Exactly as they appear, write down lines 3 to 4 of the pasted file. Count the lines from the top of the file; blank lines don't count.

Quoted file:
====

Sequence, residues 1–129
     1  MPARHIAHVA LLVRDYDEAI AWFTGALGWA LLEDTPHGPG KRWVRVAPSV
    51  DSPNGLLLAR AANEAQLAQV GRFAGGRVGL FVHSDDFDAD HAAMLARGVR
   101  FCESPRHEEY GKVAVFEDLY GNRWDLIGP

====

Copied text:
    51  DSPNGLLLAR AANEAQLAQV GRFAGGRVGL FVHSDDFDAD HAAMLARGVR
   101  FCESPRHEEY GKVAVFEDLY GNRWDLIGP